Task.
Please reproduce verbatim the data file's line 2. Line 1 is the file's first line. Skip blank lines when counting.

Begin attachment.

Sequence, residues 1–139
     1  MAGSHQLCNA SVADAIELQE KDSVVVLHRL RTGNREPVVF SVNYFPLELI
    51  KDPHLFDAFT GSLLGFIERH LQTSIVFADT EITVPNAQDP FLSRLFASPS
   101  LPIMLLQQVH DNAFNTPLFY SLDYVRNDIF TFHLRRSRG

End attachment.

     1  MAGSHQLCNA SVADAIELQE KDSVVVLHRL RTGNREPVVF SVNYFPLELI